This evening I finished reading Thoreau's first book, A Week on the Concord and Merrimack Rivers. Toward the very end, he writes as follows:
In summer we live out of doors, and have only impulses and feelings, which are all for action, and must wait commonly for the stillness and longer nights of autumn and winter before any thought will subside; we are sensible that behind the rustling leaves, and the stacks of grain, and the bare clusters of the grape, there is the field of a wholly new life, which no man has lived; that even this earth was made for more mysterious and nobler inhabitants than men and women. In the hues of October sunsets, we see the portals to other mansions than those which we occupy, not far off geographically.
The moon no longer reflects the day, but rises to her absolute rule, and the husbandman and hunter acknowledge her for their mistress. Asters and golden-rods reign along the way, and the life-everlasting withers not. The fields are reaped and shorn of their pride, but an inward verdure still crowns them. The thistle scatters its down on the pool, and yellow leaves clothe the vine, and naught disturbs the serious life of men. But behind the sheaves, and under the sod, there lurks a ripe fruit, which the reapers have not gathered, the true harvest of the year, which it bears forever, annually watering and maturing it, and man never severs the stalk which bears this palatable fruit.
I see a connection to a paragraph (previously quoted) from one of his Letters to Harrison Blake:
Some absorbing employment on your higher ground,—your upland farm,—whither no cart-path leads, but where you mount alone with your hoe,—where the life everlasting grows; there you raise a crop which needs not to be brought down into the valley to a market; which you barter for heavenly products.
Thoreau, simultaneously naturalist and transcendentalist, always perceives the possibility of living a higher life, even partaking in moments of immortality ("the life everlasting"), as hinted in the same section of A Week:
Sometimes a mortal feels in himself Nature, not his Father but his Mother stirs within him, and he becomes immortal with her immortality. From time to time she claims kindredship with us, and some globule from her veins steals up into our own.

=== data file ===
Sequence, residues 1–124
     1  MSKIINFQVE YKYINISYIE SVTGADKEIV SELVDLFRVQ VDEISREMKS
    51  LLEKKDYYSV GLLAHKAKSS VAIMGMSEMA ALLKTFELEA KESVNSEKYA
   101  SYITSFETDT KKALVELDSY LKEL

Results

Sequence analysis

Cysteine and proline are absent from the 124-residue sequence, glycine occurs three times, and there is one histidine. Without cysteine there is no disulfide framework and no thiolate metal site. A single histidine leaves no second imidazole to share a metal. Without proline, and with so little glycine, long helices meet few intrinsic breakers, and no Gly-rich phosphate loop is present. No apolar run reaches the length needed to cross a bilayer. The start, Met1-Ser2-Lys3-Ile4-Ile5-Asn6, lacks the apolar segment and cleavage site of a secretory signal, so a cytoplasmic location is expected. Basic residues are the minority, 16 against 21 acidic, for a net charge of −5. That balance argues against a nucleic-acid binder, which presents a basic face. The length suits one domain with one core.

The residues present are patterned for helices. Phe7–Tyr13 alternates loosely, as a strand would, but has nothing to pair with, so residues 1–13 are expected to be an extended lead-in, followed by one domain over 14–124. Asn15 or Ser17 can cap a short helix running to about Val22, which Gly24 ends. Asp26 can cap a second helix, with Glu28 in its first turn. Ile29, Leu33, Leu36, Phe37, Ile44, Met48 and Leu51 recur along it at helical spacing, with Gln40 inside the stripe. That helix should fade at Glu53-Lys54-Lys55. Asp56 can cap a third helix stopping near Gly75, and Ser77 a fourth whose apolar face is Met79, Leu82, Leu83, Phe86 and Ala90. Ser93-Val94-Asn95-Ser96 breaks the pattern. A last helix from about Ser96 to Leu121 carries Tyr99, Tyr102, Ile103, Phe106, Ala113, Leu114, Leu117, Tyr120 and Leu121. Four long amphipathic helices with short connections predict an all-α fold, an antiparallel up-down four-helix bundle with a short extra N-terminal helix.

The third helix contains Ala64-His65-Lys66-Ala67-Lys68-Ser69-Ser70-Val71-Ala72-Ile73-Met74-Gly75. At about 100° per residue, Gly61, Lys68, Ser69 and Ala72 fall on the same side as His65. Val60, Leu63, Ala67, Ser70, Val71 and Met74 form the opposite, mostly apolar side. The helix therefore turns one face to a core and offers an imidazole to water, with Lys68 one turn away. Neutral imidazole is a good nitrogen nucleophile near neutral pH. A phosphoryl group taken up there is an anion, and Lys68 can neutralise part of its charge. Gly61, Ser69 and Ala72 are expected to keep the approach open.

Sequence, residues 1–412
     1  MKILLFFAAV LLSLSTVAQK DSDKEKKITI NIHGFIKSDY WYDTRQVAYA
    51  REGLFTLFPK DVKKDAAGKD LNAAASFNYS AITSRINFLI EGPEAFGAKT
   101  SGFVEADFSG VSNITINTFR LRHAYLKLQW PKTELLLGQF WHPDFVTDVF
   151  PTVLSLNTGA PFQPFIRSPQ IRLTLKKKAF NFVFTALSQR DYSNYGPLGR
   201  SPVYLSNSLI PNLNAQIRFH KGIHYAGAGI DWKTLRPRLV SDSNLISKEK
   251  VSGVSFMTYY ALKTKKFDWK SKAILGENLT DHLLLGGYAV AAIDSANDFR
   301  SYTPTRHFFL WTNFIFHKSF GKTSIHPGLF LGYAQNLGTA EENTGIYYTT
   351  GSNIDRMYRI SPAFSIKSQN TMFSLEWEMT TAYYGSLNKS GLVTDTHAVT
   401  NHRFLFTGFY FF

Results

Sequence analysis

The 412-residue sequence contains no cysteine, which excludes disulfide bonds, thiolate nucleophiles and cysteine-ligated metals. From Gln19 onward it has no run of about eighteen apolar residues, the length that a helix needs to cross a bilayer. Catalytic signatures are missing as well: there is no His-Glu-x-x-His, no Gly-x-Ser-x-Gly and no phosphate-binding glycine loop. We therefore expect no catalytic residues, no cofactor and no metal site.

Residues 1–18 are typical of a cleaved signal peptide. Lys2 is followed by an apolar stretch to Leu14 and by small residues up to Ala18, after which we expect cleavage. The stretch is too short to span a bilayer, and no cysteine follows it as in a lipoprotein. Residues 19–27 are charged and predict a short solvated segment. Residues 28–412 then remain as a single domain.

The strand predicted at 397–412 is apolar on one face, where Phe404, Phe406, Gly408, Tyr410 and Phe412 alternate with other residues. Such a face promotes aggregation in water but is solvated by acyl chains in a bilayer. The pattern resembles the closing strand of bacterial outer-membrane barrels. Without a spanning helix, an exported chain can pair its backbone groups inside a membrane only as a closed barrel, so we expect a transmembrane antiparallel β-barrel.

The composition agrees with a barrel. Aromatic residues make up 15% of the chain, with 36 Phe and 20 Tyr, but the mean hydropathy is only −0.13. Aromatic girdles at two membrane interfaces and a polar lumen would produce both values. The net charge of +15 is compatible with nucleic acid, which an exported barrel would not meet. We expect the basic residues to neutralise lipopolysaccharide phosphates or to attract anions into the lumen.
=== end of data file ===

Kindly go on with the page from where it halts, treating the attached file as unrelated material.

For Thoreau, such thoughts are often connected with autumn. His essay Autumnal Tints is fascinating and relevant here. He associates the fall of the year and the vibrant colors of a New England autumn with a ripening of existence, a certain mellowness and stronger flavor to life, "a late and perfect maturity", "an Indian-summer serenity", an appreciation of beauty separate from usefulness, the commencing of "a more independent and individual existence".
One of my favorite quotes from Walden is this:
There are nowadays professors of philosophy, but not philosophers. Yet it is admirable to profess because it was once admirable to live. To be a philosopher is not merely to have subtle thoughts, nor even to found a school, but so to love wisdom as to live according to its dictates, a life of simplicity, independence, magnanimity, and trust. It is to solve some of the problems of life, not only theoretically, but practically.
I'm starting to think of those four virtues as intimately associated with the four seasons.
As hinted in Autumnal Tints, in the time of one's late and perfect maturity one begins to lead a spiritually more "independent and individual existence"—to grow above and beyond the societal soil in which one was planted—to reflect upon one's experience and through that reflection to become more self-reliant. Thus fall is most closely associated in Thoreau's philosophy with independence.
Summer, by contrast, is a season in which we "are all for action"—a time of high flourishing, great-hearted ambition, riotous growth, fast progress, overflowing life—in a word, with magnanimity in its original sense of greatness of soul or enhanced liveliness.
As the foundation and precursor for such flourishing, spring is a time of being planted in the soil of one's family and society, of putting roots down into that soil, of gaining strength for one's greatest growth, of achieving solidity and structure in one's identity—of hope and trust in the future. Thoreau, ever mindful of etymology, could not have been unaware that trust, truth, and tree are cognate terms whose root meaning is strength, steadfastness, loyalty, constancy, solidity.
Of winter, Thoreau observed: "The wonderful purity of nature at this season is a most pleasing fact." (A Winter Walk.) "A cold and searching wind drives away all contagion, and nothing can withstand it but what has a virtue in it, and accordingly, whatever we meet with in cold and bleak places, as the tops of mountains, we respect for a sort of sturdy innocence, a Puritan toughness. All things beside seem to be called in for shelter, and what stays out must be part of the original frame of the universe, and of such valor as God himself. It is invigorating to breathe the cleansed air. Its greater fineness and purity are visible to the eye, and we would fain stay out long and late, that the gales may sigh through us, too, as through the leafless trees, and fit us for the winter,—as if we hoped so to borrow some pure and steadfast virtue, which will stead us in all seasons." Existence is stripped to its essentials, to its simplest elements.
Thus I'm beginning to feel my way along to a motif that might animate Walking With Thoreau: four seasonal walks to Thoreau's upland farm, where spring is about trust, summer about magnanimity, fall about independence, and winter about simplicity.
All this is subject to change, of course, as I read The Maine Woods, Walden, and his monumental Journals.
Peter Saint-Andre > Journal